The symptoms of peripheral neuropathy depend upon the cause and the location of the nerve damage.
Peripheral neuropathy caused by a bacterial infection such as Lyme disease is treated with antibiotics.
www.hmc.psu.edu /healthinfo/pq/peripheralneuropathy.htm   (603 words)

  
 Diabetic Neuropathies: The Nerve Damage of Diabetes   (Site not responding. Last check: 2007-10-26)
Diabetic neuropathy also appears to be more common in people who have had problems controlling their blood glucose levels, in those with high levels of blood fat and blood pressure, in overweight people, and in people over the age of 40.
Peripheral neuropathy may also cause muscle weakness and loss of reflexes, especially at the ankle, leading to changes in gait (walking).
Neuropathy is diagnosed on the basis of symptoms and a physical exam.
diabetes.niddk.nih.gov /dm/pubs/neuropathies   (3163 words)

  
 Peripheral Neuropathy - information from ePodiatry
Peripheral neuropathy is the general term that refers to disorders of peripheral nerves.
The peripheral nervous system is made up of the nerves that branch out of the spinal cord to different parts of the body.
Peripheral neuropathy is a relatively common neurological disorder that results from damage to the peripheral nerves.
www.epodiatry.com /neuropathy.htm   (774 words)

  
 Neuropathy, Peripheral Neuropathy - neurologychannel
Peripheral neuropathy is a general term referring to disorders of peripheral nerves.
Peripheral neuropathy can be associated with poor nutrition, a number of diseases, and pressure or trauma.
Peripheral neuropathy can be broadly categorized by the type of nerve that has been damaged.
www.neurologychannel.com /neuropathy   (540 words)

  
 Understanding Peripheral Neuropathy -- Treatment
If your doctor suspects you may have a form of peripheral neuropathy, he or she may refer you to a neurologist, a doctor who specializes in diseases of the nerves.
Peripheral neuropathies caused by toxic substances or medications can often be corrected in much the same way.
Early diagnosis and treatment of peripheral neuropathy is important because the peripheral nerves have a limited capacity to regenerate, and treatment may only stop the progression, not reverse damage that is already present.
www.webmd.com /content/article/8/1680_54808.htm   (526 words)

  
 Peripheral Neuropathy
Peripheral neuropathy (or, polyneuropathy) is normally attributed to diabetes, thyroid problems, alcohol abuse, and consistent exposure to chemotherapy treatments.
The probable side-effect of peripheral neuropathy resulting from long-term chemotherapy is well-known by our oncologists, yet they have no suggestions about how to alleviate it except to reduce the dose of the chemotherapy agent or suspend treatment.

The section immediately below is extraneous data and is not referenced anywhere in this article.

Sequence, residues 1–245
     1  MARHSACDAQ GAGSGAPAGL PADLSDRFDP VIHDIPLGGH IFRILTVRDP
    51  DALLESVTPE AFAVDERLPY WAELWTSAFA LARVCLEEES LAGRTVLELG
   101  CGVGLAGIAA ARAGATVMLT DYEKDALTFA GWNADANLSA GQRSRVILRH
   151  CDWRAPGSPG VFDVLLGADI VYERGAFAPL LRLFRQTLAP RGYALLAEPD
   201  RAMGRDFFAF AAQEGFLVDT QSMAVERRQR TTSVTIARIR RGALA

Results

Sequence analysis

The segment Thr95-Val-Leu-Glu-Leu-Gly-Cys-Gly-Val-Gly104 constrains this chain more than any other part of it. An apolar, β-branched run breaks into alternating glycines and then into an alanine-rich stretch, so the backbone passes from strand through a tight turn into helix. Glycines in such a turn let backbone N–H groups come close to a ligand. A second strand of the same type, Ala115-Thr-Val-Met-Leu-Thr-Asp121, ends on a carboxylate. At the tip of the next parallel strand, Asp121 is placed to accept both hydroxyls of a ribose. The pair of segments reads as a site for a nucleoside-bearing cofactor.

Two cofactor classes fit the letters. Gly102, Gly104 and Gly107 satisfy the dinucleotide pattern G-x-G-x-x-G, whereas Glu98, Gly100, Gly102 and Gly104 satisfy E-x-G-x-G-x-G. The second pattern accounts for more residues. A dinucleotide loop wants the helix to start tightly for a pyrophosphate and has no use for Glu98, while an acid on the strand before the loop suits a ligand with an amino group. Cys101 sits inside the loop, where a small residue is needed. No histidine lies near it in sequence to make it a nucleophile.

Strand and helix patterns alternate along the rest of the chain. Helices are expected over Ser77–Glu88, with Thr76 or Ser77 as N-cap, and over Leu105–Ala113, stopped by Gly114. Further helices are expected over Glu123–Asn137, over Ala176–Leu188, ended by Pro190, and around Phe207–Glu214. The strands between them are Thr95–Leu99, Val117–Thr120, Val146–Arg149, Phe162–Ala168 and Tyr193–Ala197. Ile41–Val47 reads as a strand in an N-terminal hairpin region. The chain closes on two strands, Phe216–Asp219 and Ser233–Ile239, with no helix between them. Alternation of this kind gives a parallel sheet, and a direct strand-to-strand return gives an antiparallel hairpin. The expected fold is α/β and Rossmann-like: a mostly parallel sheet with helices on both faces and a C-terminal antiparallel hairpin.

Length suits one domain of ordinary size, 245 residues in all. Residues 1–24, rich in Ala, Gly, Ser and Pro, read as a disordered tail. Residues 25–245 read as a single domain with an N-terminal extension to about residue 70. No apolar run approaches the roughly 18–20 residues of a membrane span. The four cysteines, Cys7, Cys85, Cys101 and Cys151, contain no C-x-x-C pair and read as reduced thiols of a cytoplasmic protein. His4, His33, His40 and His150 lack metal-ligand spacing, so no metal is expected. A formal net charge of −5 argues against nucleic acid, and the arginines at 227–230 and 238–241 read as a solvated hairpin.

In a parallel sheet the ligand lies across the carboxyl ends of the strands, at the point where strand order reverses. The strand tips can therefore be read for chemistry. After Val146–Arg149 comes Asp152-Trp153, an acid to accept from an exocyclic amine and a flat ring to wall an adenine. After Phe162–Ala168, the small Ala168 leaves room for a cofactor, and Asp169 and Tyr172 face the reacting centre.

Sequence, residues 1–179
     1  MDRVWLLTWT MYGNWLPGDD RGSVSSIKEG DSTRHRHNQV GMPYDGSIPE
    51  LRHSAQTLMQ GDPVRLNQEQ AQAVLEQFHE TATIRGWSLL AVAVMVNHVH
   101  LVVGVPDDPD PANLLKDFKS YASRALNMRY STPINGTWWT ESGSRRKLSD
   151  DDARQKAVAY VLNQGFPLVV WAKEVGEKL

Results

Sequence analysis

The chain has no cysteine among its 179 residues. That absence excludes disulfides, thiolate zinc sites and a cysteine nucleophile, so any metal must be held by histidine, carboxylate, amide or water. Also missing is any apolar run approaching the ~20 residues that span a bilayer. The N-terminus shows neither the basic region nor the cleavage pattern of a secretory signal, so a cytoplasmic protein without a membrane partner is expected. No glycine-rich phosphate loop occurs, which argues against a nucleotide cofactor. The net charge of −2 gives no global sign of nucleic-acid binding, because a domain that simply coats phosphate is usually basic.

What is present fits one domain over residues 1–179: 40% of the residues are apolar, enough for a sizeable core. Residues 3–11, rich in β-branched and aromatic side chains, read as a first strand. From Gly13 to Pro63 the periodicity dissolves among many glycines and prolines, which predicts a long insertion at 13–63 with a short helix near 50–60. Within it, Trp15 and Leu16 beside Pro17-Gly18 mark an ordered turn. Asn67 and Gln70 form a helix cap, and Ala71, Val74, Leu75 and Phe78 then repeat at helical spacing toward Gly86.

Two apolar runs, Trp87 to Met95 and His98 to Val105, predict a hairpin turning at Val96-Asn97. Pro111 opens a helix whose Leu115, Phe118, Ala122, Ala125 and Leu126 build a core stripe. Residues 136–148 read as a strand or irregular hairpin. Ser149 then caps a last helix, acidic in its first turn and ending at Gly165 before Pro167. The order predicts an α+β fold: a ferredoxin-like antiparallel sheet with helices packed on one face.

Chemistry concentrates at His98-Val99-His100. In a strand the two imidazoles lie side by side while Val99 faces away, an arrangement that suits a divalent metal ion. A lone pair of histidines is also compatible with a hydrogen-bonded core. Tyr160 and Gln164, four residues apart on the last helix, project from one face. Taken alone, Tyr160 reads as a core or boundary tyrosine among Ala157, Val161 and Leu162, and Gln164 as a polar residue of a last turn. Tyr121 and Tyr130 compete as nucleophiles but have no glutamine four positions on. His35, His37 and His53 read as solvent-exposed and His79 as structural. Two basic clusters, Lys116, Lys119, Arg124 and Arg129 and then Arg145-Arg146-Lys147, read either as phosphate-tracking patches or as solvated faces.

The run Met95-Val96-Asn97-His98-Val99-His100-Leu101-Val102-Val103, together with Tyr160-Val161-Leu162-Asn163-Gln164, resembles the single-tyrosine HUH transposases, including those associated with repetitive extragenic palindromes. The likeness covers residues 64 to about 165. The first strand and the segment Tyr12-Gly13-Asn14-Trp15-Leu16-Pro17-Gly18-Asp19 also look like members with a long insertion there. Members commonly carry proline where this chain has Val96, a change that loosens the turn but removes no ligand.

Neuropathy is commonly caused by diabetes, fatty acid imbalance, restriction of blood supply to nerves (could COX-2 inhibitors add to the condition?), nutritional deficiencies, and chemotherapy agents.
www.hrpca.org /pngeneral.htm   (1468 words)

  
 Peripheral Neuropathy
Clinically, peripheral neuropathies are classified according to various characteristics: symmetric or asymmetric, proximal or distal, acute or chronic, slowly progressive or rapid onset, affecting one (mononeuropathy) or many nerves (polyneuropathy).
Hereditary neuropathy with liability to pressure palsies (HNPP) is a demyelinating motor-sensory neuropathy which is autosomal dominant and which originates from a deletion, frameshift, or point mutation of the PMP-22 gene on chromosome 17.
Refsum's Disease is a demyelinating, motor-sensory neuropathy with an autosomal recessive
www.athenadiagnostics.com /content/diagnostic-ed/neurology/peripheral-neuropathy   (1091 words)

  
 Peripheral neuropathy - MayoClinic.com
Peripheral neuropathy is a term used to describe disorders of your peripheral nervous system.
Your peripheral nervous system includes nerves in your face, arms, legs, torso, and some nerves in your skull.
Peripheral nerves have a remarkable ability to regenerate themselves, and new treatments for peripheral neuropathy using nerve growth factors or gene therapy may offer even better chances for recovery in the future.
www.mayoclinic.com /health/peripheral-neuropathy/DS00131   (284 words)

  
 Neuropathy, Peripheral
Peripheral neuropathy is an umbrella term that denotes a disorder of, or damage to, the peripheral nervous system.
The peripheral nervous system consists of all the motor and sensory nerves that connect the brain and spinal cord to the rest of the body (i.e., the nerves outside the central nervous system).
The symptoms and physical findings associated with peripheral neuropathies vary greatly from case to case and may be extremely complex.
my.webmd.com /hw/health_guide_atoz/nord246.asp   (540 words)